Ohio PUC Issues Decision Striking Down City of Dayton's Ordinance Governing Fees for Using Public Rights-of-Way
On June 26, 2003, in the Complaint of WorldCom, Inc., AT&T Corp., and Time Warner Telecom of Ohio, L.P. v. City of Dayton, the Public Utilities Commission of Ohio (“PUCO”) issued an important decision invalidating provisions of a municipal ordinance that imposed an arbitrary classification system and fee structure upon telecommunications service providers that use public rights-of-way. The decision, together with a recent decision by PUCO against the City of Toledo, indicates that municipalities seeking to impose stringent requirements and substantial fees on telecommunications providers must adhere closely to state laws that limit municipal regulations to reasonable standards and that restrict right-of-way fees to actual costs.
In July 2002, the Ohio legislature enacted a statute, a revised Chapter 4939, that established the manner in which municipal corporations could control activities within their rights-of-way and that limited the fees which they could charge. Chapter 4939 prohibits municipalities from enforcing fees for use of the public rights-of-way that are not “based only on costs that the municipal corporation both has actually incurred and can clearly demonstrate are or can be properly allocated and assigned to the occupancy or use of a public way.” In addition, the costs must be “reasonably and competitively neutrally allocated” among all users of the rights-of-way.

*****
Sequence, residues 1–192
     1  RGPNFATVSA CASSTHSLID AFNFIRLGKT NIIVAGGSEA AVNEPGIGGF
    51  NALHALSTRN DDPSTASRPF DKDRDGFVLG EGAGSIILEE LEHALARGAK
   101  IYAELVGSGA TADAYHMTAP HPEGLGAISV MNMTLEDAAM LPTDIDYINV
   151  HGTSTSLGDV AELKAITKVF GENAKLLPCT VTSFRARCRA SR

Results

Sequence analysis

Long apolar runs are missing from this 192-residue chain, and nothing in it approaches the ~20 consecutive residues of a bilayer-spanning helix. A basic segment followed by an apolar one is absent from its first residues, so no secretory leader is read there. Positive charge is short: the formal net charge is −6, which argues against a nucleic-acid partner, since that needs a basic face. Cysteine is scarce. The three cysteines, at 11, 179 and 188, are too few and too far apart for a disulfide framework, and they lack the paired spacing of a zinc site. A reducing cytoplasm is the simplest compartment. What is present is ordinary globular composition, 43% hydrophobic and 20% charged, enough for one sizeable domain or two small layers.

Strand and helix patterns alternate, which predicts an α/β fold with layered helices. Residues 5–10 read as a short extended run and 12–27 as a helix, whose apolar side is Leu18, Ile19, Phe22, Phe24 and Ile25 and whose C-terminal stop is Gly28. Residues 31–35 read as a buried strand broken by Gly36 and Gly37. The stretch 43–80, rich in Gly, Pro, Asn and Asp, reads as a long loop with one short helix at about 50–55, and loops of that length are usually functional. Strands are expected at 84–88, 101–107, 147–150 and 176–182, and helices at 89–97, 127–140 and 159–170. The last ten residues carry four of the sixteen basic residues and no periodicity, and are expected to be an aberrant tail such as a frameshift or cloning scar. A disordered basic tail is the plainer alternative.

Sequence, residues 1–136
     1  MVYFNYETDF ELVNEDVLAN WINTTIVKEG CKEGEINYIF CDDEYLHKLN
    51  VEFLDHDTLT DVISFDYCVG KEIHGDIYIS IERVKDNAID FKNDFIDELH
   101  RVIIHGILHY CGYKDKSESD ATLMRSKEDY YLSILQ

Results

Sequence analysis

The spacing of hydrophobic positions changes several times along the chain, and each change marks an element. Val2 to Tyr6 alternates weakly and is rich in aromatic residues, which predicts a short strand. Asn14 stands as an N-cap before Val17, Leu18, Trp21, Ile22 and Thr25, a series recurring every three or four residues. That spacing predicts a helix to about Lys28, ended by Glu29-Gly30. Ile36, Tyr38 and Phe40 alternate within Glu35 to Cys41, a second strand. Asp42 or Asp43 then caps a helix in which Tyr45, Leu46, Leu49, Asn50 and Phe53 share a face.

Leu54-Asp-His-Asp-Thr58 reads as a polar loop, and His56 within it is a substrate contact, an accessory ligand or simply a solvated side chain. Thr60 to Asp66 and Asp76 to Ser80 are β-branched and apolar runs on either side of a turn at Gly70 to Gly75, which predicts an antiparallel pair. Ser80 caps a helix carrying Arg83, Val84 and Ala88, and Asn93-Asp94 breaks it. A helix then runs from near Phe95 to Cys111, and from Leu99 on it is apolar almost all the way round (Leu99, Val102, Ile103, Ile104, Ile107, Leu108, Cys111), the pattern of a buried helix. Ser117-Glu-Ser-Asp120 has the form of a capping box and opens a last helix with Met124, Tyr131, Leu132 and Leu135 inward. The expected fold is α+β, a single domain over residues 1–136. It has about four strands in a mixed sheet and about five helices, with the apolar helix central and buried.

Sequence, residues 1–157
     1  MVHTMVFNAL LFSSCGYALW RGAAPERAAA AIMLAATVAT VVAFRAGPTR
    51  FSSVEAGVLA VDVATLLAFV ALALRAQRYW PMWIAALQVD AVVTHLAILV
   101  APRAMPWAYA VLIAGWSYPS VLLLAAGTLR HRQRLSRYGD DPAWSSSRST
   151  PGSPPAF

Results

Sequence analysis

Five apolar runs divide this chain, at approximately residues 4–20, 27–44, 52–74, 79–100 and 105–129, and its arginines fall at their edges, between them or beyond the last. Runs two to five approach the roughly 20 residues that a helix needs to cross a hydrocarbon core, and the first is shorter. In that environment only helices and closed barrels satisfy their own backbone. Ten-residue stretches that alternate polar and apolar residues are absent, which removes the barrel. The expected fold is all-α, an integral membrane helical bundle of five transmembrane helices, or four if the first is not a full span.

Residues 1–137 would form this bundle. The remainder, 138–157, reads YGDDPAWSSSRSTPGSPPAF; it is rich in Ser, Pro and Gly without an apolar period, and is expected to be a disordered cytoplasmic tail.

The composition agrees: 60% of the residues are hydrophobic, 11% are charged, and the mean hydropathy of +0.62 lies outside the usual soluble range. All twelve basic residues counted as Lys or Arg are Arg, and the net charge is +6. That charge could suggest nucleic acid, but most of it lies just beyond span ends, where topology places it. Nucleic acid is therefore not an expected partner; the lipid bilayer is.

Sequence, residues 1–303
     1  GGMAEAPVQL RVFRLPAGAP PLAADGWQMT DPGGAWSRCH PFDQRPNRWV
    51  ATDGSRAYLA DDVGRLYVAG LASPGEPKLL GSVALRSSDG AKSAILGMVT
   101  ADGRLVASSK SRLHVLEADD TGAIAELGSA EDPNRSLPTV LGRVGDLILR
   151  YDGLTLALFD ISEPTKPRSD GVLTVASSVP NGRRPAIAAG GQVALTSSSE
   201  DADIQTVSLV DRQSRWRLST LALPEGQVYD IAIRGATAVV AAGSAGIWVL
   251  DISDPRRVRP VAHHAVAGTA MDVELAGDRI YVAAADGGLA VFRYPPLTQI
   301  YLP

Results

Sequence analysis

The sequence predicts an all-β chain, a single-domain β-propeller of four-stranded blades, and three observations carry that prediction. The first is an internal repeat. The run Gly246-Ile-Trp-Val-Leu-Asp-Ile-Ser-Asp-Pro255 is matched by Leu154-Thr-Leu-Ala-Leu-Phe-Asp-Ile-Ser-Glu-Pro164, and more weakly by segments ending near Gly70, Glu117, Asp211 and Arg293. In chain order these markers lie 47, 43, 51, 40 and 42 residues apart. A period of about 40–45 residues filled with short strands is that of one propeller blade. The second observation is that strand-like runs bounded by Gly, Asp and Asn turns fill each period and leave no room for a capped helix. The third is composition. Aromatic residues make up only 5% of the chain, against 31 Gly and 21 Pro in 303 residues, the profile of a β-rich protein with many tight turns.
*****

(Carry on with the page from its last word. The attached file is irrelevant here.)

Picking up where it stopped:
The City of Dayton, however, subsequently enacted an Ordinance that, among other requirements, imposed not only individual construction permit fees but also general Application Fees and annual Registration Maintenance Fees ranging from $12,500 to $50,000 per year based upon where a telecommunications provider falls within three arbitrary “bands” of miles of public way occupied.
Consistent with and following its decision in the Toledo case, PUCO ruled that the Application Fees and the Registration Maintenance fees assessed by mileage bands were not based on actual costs and were unreasonable, discriminatory, and unlawful. In particular, the Commission found that it was “unfair to require all users of the public way to share in costs that are caused by, and therefore under the control of, individual users.” PUCO concluded that the City should instead “charge the users who are engaging in construction activities at the time of their application for permits, or subsequently” and that “it is those parties who should bear the costs that they cause.” To implement this principle, the Commission directed the City to increase the fee for each construction permit to equal the actual costs to the City’s Division of Civil Engineering in supervising the public right-of-ways. The PUCO noted that, in the future, the City could also recover costs other than engineering costs, including “administrative function” costs and computerized mapping costs, through its permit process, but only once they were actually incurred and documented, as opposed to being merely estimated.
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